Unfortunately the school did not back us up when we finally had to tell Kitty that being a surgeon was not a viable option (until the very end), so she chooses to place the loss of that dream entirely on my shoulders (despite hearing the rationale).  Kitty’s dream of being a preschool teacher seem innocuous enough, but it means she’s not looking at alternatives and trying new things.  Plus, as the only person telling Kitty my concerns and that she should keep her options open, her attachment issues cause her to believe that I’m the ONLY one who believes this is true and she hears it as criticism, because it is coming from me, her mother.  She needs to hear this information from others.  Right now she chooses to deny my concerns.  I hate having to hurt her while trying to protect and help her.

How do you encourage a child to have ACHIEVABLE dreams, so they won't feel they've failed?  Someone once asked me what Kitty is good at and enjoys doing...  I couldn't think of anything (besides reading anime and watching Annoying Orange on YouTube).  It would be different if she loved something so much that she worked hard to overcome any obstacles, but she doesn't really like much of anything (she only wanted to be a doctor so she could make lots of money and buy a no-kill shelter, but when I tried to encourage her to do something along the lines of working in a shelter or with animals, she refused). 

Thank you for reading this lengthy e-mail.  Please let me know if there is any other information I can provide, or any other way I may be of assistance.



Kelley said...

You are an awesome advocate. You are always trying to get the right thing in place for Kitty no matter how unpopular it makes you. That's hard for anyone - to open yourself to criticism. You ROCK!

jwg said...

Sorry if this turns out to be long. I'm a retired day care director and now teach adults in the field. For the last 12 years I have been preparing students for the CDA application process.
First, thank you for articulating so well that caring for children requires more than a warm body who likes kids. It requires a complex skill set and a serious amount of common sense and reasoning ability. It should not be the career of last resort for kids with serious learning and/or emotional difficulties. We are not asking that they care for and teach lawn ornaments. Children do not get a chance to relive their early years and as you pointed out poor care can be damaging and dangerous.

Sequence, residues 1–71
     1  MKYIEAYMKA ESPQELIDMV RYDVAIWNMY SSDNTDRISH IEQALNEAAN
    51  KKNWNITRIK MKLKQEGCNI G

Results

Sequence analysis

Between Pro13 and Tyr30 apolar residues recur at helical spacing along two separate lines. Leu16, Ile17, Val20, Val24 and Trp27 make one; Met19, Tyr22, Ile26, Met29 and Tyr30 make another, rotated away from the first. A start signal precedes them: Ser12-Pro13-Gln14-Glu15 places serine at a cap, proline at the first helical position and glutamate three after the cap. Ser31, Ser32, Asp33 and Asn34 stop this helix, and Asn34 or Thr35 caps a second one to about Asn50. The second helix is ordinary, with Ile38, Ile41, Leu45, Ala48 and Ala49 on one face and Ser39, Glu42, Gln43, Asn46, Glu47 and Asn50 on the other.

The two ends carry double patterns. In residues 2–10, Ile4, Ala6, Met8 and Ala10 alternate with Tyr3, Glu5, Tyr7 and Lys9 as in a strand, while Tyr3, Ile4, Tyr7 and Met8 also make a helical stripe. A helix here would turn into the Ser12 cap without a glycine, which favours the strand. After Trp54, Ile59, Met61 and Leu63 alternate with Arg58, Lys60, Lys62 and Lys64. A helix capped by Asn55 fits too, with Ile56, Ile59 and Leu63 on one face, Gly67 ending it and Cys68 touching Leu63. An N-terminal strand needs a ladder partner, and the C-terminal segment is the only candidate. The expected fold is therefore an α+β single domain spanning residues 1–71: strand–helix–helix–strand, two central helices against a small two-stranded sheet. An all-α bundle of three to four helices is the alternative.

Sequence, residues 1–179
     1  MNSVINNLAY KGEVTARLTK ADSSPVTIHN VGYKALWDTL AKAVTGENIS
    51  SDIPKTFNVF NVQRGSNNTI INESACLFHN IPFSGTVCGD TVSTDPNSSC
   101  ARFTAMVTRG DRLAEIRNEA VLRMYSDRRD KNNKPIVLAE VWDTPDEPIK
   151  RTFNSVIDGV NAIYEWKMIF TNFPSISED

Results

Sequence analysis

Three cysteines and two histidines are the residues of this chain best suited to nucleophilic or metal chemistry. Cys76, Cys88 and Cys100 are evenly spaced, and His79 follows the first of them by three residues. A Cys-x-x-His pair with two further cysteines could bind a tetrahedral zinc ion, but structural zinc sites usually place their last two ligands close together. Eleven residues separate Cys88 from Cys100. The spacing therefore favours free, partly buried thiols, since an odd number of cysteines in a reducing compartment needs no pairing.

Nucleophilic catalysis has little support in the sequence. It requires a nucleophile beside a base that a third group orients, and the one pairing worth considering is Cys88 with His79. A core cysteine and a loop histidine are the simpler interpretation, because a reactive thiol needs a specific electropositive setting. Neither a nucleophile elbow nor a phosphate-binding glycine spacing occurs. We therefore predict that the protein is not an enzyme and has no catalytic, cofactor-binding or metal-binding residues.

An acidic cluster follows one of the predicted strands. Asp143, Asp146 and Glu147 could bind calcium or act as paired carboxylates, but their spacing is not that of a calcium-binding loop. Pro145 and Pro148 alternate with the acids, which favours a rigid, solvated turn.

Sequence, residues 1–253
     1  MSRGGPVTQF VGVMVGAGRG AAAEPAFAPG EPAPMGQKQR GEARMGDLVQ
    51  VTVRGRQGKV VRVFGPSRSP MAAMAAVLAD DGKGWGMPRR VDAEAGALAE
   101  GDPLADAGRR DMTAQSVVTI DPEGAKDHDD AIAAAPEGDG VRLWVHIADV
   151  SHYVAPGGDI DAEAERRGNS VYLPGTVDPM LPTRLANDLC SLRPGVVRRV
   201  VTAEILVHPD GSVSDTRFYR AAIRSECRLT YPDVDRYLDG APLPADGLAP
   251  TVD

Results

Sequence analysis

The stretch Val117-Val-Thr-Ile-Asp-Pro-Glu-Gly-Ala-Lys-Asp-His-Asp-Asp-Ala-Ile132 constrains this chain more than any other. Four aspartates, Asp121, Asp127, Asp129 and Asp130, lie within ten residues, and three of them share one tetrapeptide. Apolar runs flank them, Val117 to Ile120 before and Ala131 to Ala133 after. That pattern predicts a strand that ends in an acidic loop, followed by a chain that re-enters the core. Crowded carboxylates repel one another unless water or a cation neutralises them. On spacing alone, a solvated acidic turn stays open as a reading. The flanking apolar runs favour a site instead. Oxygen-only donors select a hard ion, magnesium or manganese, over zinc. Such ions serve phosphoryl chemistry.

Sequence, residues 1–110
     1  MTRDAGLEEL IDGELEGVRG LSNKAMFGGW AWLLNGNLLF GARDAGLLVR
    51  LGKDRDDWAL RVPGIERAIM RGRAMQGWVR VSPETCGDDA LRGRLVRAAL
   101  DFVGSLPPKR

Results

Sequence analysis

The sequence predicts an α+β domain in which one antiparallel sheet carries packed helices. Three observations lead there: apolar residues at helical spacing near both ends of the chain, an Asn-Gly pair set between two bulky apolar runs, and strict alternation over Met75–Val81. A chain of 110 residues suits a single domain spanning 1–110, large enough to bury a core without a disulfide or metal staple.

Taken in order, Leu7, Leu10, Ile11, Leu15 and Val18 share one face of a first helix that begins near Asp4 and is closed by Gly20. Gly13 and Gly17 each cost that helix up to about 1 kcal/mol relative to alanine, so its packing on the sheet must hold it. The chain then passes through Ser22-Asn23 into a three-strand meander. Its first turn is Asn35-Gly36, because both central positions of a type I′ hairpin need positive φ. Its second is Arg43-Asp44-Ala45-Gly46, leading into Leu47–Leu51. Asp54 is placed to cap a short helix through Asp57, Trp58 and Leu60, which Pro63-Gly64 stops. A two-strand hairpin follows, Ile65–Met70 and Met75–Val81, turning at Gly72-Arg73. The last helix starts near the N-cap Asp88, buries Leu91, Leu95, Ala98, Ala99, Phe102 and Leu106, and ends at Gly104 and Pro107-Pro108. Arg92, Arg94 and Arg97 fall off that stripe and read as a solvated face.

You also need to be aware that as of 6/1 the CDA requirements are changing. The current system is quite straightforward and practical. Candidates are required to gather a certain amount of useful information,write essays that demonstrate that they are competent, be observed with children and take a written and oral test.I have worked with a number of young women with learning disabilities who were able to earn their CDAs but they their challenges were very specific and were around literacy issues, not reasoning skills. The new requirements are much more difficult because thay are more abstract and reflective.For instance, candidates are required to " Reflect on the room environment in which your Observation will occur.How does your room design reflect the way you believe young children learn best? " Somehow I don't see Kitty being successful at this kind of abstract thinking.
I hope you are able to get all the CSE folks on the same page. Somehow I get the feeling that you will be strong enough to do just that!

marythemom said...

Thanks guys!

jwg I hope you don't mind, but I quoted you in the final letter. I think this is important information.

Anonymous said...

I think this letter is very good, with lots of good information, but I would keep it focused on Kitty, and leave Bear out of it. I'd also shorten the surgeon topic because it's connected in a small way with the problem now (teachers giving ridiculous encouragement that's unrealistic). Finally, leave the letter not on a question, but on a call to action: we need to work together to help Kitty discover and implement realistic goals with specific outcomes.